Military Court Postpones Bergdahl’s Court Martial over Classified Documents

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The U.S. Army Court of Criminal Appeals postponed legal proceedings in the desertion case against Army Sgt. Bowe Bergdahl over defense access to 300,000 pages of classified documents held by the government.

Reuters reports that the move could push back the trial portion of the court martial Bergdahl is facing, which is scheduled for August.

Court documents reportedly showed that the government requested the stay.

“The stay is in place until [the] appeals court can resolve a dispute involving the sharing of classified evidence with Bergdahl’s defense team,” reports CNN.

In June 2009, Bergdahl, now 29, walked off his combat outpost in Afghanistan and was subsequently captured and held prisoner by the Taliban for more than five years before his release in 2014.

Bergdahl was liberated as part of a controversial prisoner swap negotiated by the Obama administration. The trade has been deemed illegal.

The Obama administration exchanged Bergdahl for five high-risk Taliban commanders held at Guantanamo Bay, Cuba.

Although the Obama administration has argued that exchanging the five Taliban commanders was the only option to repatriate Bergdahl, a House panel report released in December revealed that multiple alternatives were on the table, including options that did not involve the swap of prisoners.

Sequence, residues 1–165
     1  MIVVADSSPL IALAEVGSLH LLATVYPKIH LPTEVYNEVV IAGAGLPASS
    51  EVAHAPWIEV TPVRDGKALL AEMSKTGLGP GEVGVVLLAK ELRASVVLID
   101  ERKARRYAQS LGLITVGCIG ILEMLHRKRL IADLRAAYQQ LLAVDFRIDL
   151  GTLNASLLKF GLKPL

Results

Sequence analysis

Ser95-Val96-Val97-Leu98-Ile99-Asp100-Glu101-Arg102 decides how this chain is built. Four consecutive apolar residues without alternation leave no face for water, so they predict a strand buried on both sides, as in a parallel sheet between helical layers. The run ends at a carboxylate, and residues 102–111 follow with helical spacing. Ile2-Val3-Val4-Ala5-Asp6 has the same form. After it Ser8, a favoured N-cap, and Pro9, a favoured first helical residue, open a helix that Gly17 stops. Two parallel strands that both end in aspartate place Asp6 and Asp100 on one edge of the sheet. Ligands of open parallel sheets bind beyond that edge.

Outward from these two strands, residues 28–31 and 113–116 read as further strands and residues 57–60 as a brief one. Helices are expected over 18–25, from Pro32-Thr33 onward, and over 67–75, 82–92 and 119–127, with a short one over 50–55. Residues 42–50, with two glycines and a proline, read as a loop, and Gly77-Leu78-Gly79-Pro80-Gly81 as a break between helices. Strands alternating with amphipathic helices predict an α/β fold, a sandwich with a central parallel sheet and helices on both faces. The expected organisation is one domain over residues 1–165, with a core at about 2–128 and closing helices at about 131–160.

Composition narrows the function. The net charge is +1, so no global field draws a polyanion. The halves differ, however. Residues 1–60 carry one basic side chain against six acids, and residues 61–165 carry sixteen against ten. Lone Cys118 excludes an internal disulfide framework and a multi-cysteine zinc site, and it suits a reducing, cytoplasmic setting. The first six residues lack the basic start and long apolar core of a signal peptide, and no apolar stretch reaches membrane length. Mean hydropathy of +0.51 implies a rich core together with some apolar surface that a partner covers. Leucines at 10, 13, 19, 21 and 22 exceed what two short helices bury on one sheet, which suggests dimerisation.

Last year, Bergdahl was charged with desertion and misbehavior before the enemy by endangering American troops. The latter offense carries a sentence of up to life in prison.

A soldier who served in his battalion has accused Bergdahl of endangering and costing the lives of many of his colleagues by deserting his post. Some of Bergdahl’s former military colleagues have also argued that the search for the accused deserter put the lives of other troops at risk and diverted resources from other units.

“At a pretrial hearing in January, Captain Michael Petrusic said prosecutors expected to turn over thousands of classified documents to the defense before the trial, planned for Fort Bragg, North Carolina,” reports Reuters. “The volume of material is a sign of the complexity of the case, he said.”

“Bergdahl’s attorney, Lieutenant Colonel Franklin Rosenblatt, said prosecutors had too much authority over which documents would be provided to the soldier’s lawyers, hampering the defense’s ability to prepare for his trial,” adds the report.

Col. Jeffrey Nance, the presiding judge, is quoted by Reuters as saying at the time that the military would review all classified material and prosecutors would be granted the opportunity to object before sensitive information was shared with Bergdahl and his defense team.

“Bergdahl has not entered a plea or said whether he wants his fate decided by a judge or a panel of soldiers acting as jurors,” notes Reuters.


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